Figure 8. AVR with PSS.

power system. It is the most economical way to mitigate this kind of low frequency oscillations.

Furthermore, PSS design by method of phase compensation is based on knowledge of the physical aspect of power systems, and is more robust and relatively easier than other methods. The input signal of the PSS used in this paper is the electrical power signal. Its block diagram is shown in Figure 9.

The parameters of this PSS are shown in Appendix.

In a multi-machine power system, it is important to determine the best location for the application of power system stabilizers [16]. Several techniques have been proposed in the literature to determine the best location for applying power system stabilizers. Participation factor method is one of the methods in detecting the contribution of various generators in each mode and for suitable location for applying the PSSs. Some authors have proposed sensitivity of PSS effect (SPE) as a measure for determining the suitable location of PSSs [16], so that the dominant generator with the greatest influence on both the power system stability, and the low-frequency oscillation becomes the candidate for PSS installation.

In a AC-DC power system the low-frequency oscillation occurred at the side of the HVDC rectifier [5]. So the generator at the rectifier side is the best location for the application of power system stabilizers.

An appropriate parameter design is very important in order for a PSS to operate effectively. In general, these parameters are set with the single machine infinite bus model. So before deployment in the AC-DC power system, it is worth checking the performance of the PSS in the system without HVDC.

The results of Figure 10 show the effectiveness of the PSS device when added to conventional voltage regulators AVR.

It is clear from these figures that PSS improves the stability performance of the example power system without HVDC, and the low frequency oscillations are significantly damped in comparison to the results without PSS.

The effect of PSS to improve the performance transient stability is shown by simulation a three phase to ground fault (at 1 s) near bus A (Figure 1, without HVDC) of duration 130 ms and 180 s in Figures 11 and 12, respectively.

It can be clearly seen that the PSS enhances the stability performance of the power system. Figure 12(a) gives the variation of generator speed. As can be seen in the figure, the system without PSS falls out of synchronism. However, when the PSS is applied, the system remains stable. Therefore, power system stabilizers (PSSs) are employed to enhance the dynamic and transient performance of power systems.

Once the performance of PSS is evaluated without HVDC, the relevant question is: it is possible to get an effective damping of oscillation modes with the same PSS (with the same parameter setting) if the system is equipped with an HVDC link (Figure 1).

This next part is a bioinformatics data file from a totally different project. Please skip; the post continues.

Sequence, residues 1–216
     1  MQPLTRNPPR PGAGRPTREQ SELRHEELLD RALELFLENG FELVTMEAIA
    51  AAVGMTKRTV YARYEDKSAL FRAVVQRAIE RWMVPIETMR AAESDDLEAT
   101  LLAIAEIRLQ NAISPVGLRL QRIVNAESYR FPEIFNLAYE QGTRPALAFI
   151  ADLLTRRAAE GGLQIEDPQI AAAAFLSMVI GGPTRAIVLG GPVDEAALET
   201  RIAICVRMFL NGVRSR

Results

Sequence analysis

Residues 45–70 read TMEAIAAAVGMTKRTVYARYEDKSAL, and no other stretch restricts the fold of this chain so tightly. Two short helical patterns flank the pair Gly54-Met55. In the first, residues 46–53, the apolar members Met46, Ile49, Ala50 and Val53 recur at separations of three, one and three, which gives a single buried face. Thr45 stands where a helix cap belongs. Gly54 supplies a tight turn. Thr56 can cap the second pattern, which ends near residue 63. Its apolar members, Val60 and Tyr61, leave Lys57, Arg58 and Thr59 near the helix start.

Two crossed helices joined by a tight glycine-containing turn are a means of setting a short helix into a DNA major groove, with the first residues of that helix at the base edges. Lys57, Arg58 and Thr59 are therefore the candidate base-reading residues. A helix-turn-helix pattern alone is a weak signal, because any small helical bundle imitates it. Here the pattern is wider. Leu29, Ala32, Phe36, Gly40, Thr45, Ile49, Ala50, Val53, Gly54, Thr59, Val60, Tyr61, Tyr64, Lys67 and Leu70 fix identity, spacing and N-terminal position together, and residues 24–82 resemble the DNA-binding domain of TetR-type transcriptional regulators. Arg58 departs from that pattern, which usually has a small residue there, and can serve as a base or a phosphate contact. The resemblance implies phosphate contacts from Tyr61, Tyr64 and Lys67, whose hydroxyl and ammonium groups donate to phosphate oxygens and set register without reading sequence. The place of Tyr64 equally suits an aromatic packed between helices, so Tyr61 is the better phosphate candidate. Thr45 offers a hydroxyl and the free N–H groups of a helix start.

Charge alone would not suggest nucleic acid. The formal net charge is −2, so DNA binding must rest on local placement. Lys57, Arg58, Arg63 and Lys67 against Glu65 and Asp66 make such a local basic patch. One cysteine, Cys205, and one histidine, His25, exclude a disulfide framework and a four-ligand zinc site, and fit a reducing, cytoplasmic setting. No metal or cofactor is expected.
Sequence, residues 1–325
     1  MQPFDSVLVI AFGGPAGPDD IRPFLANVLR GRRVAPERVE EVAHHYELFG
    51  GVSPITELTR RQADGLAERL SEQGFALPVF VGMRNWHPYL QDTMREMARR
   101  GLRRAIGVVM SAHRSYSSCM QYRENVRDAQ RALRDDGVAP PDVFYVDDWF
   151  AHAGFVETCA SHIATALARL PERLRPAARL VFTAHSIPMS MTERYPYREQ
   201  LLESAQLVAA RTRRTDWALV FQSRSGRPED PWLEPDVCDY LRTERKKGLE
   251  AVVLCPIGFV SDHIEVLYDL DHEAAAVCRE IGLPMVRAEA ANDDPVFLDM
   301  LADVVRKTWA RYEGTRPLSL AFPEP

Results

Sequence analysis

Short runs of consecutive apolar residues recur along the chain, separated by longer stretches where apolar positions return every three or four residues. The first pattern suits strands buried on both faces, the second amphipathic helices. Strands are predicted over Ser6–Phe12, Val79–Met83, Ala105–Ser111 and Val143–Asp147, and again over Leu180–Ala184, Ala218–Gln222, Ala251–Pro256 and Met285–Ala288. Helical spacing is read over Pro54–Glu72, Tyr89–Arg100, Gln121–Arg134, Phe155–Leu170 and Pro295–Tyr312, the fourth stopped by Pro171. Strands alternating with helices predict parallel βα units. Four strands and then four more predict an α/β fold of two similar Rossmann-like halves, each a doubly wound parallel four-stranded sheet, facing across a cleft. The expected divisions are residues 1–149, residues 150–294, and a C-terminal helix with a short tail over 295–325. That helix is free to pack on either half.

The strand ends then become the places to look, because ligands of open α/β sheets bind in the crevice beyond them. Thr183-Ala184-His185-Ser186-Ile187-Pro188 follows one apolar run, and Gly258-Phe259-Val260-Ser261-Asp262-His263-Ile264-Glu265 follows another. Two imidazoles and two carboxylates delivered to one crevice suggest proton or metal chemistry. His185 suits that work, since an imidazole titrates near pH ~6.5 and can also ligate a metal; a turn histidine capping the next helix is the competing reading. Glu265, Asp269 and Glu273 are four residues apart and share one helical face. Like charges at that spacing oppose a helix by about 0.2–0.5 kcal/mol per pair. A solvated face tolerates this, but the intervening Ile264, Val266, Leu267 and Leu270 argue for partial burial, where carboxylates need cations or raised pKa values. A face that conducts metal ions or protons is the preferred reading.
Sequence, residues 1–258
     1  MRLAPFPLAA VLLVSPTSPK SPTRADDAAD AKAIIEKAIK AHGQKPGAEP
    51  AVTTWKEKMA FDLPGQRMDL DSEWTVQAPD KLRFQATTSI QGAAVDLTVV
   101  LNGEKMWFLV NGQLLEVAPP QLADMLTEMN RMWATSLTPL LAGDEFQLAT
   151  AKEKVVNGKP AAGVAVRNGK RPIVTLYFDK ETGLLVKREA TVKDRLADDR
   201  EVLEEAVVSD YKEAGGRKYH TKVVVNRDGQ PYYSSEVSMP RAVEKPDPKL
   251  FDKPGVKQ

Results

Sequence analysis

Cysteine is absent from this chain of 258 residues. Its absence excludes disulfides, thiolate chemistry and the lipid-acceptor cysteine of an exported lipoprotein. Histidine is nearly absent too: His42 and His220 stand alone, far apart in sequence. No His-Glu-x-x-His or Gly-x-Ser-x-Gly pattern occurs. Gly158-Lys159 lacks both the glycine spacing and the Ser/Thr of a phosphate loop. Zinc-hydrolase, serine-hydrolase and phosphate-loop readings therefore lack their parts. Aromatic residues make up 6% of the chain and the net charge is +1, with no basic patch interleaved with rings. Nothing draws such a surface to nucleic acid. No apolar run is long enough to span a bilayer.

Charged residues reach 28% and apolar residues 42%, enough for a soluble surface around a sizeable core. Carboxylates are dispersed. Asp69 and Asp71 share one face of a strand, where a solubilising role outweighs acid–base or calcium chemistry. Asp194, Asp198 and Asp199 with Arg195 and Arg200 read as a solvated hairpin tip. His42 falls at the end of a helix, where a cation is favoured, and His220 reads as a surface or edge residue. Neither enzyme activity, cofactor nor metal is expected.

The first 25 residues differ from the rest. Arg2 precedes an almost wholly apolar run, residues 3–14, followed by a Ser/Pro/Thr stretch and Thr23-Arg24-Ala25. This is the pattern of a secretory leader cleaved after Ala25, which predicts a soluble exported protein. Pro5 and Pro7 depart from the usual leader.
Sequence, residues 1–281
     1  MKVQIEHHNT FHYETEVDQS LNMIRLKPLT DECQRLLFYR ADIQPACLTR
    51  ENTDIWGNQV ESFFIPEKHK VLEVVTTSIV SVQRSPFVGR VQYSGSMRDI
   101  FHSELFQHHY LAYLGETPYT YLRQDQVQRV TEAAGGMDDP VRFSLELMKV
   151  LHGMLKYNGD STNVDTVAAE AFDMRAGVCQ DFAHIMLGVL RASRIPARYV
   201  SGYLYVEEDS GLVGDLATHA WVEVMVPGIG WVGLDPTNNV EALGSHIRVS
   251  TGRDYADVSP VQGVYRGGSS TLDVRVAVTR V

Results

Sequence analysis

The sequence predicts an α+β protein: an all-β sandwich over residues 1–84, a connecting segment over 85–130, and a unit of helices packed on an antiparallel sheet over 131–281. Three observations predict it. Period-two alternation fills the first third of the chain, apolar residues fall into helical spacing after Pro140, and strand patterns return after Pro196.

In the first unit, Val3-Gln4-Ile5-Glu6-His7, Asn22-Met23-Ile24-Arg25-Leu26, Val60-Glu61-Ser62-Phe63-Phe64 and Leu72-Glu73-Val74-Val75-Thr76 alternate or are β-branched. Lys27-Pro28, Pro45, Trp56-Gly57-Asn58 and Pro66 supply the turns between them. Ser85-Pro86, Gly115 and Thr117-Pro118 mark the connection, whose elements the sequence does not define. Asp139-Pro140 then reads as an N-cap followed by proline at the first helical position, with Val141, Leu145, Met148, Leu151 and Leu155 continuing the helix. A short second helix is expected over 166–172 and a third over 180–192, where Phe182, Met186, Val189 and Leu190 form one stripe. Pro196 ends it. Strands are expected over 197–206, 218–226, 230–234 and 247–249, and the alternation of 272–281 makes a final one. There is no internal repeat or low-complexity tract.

Figure 13 gives a better answer to this question.

Figure 9. Power system stabilizer.

Figure 10. (a) Generator speed. (b) Generator terminal voltage. (c) Generator active power output. (d) Transmission angle (PhDiff) between two ends.

Figure 11. (a) Generator speed. (b) Generator active power output.

Figure 12. (a) Generator speed. (b) Generator active power output.

Figure 13. (a) Generator speed. (b) Generator active power output.

It can be seen from this figure that the installation of the PSS (at 5 sec) provides faster response and can enhance the system dynamic performance well and lines can transmit the power stably.

A three-phase to ground fault occurs (at 3s) near bus A (Figure 1) of 130ms duration in order to test the system damping with a short-circuit fault. The simulation results are shown in Figure 14. It is clear from these figures that PSS improves the stability performance of the example power system, and the oscillations are significantly damped in comparison to the results without PSS.

So, the HVDC can be used now to improve the transient stability by modulation of the transmitted active power with an acceptable level of reliability.

5. Conclusions

The steady state and transient simulations show that the HVDC system can cause dynamic instability of an AC-DC power system due to the negative interaction between AC and DC systems and the problem of poor damping. The effectiveness of the application of PSS to compensate the negative damping of HVDC system has been examined by detail simulation. The results show that the PSS improves the stability performance of the example AC-DC power system, and the oscillations are significantly damped.

The research will bring important and significant reference for further operation and stability control of HVDC and AC system. Further research still remained on the topics such as the coordinated control strategy between PSS and HVDC damping modulation for the damping of all the critical modes of the system, best location of the PSS and also the tuning of PSS parameters in multi-machine AC-DC power systems and so on.

Figure 14. (a) Generator speed. (b) Generator active power output. (c) Generator terminal voltage. (d) Transmission angle (PhDiff) between two ends. (e) DC Current. (f) DC Voltage. (g) Rectifier firing angle order and (h) Inverter firing angle order.

Therefore, the control of HVDC has the potential for future application to power systems.


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Appendix. Parameters of the Power System Used as an Application Example


Sn = 2100 MVA, Vn = 13.8 kV, f = 50 Hz, Xd =1.305Xd′ = 0.296 pu, Xd″ = 0.252 pu, Xq = 0.474 pu, Xq″ = 0.243 pu, Xl = 0.18 pu, Tdo′ = 1.01 s, Tdo″ = 0.053 s, Tqo″ = 0.1 s, Ra = 0.0028544 pu, H = 3.7 sExcitation system (AVR):

Ka = 300, Ta = 0.001 s, Ke = 1, Te = 0, Kf = 0.001Tf = 0.1 s.

Power system stabilizer (PSS):

Tw = 1 s, T1 = 0.06 s, T2 = 1 s, T3 = 0 s, T4 = 0 sVs_max = 0.15 pu, Vs_min = −0.15 pu, KPSS = 2.5.

Generator transformer:

2100 MVA, 13.8 kV/500 kV Converters:

Snubber resistance Rs = 5000 Ohms Snubber capacitance Cs = 0.05 µF Ron = 0.01 Ohms, Lon = 0 Forward voltage Vf = 1 V Rectifier: αmin = 5˚, αmax = 145˚.

Inverter: αmin = 110˚, αmax = 150˚.

Converter transformers:

Rectifier Transformer, 500/211.42*2 kV, 1200 MVA;

Inverter Transformer, 211.42*2/500 kV, 1200 MVA.

VDCL characteristic: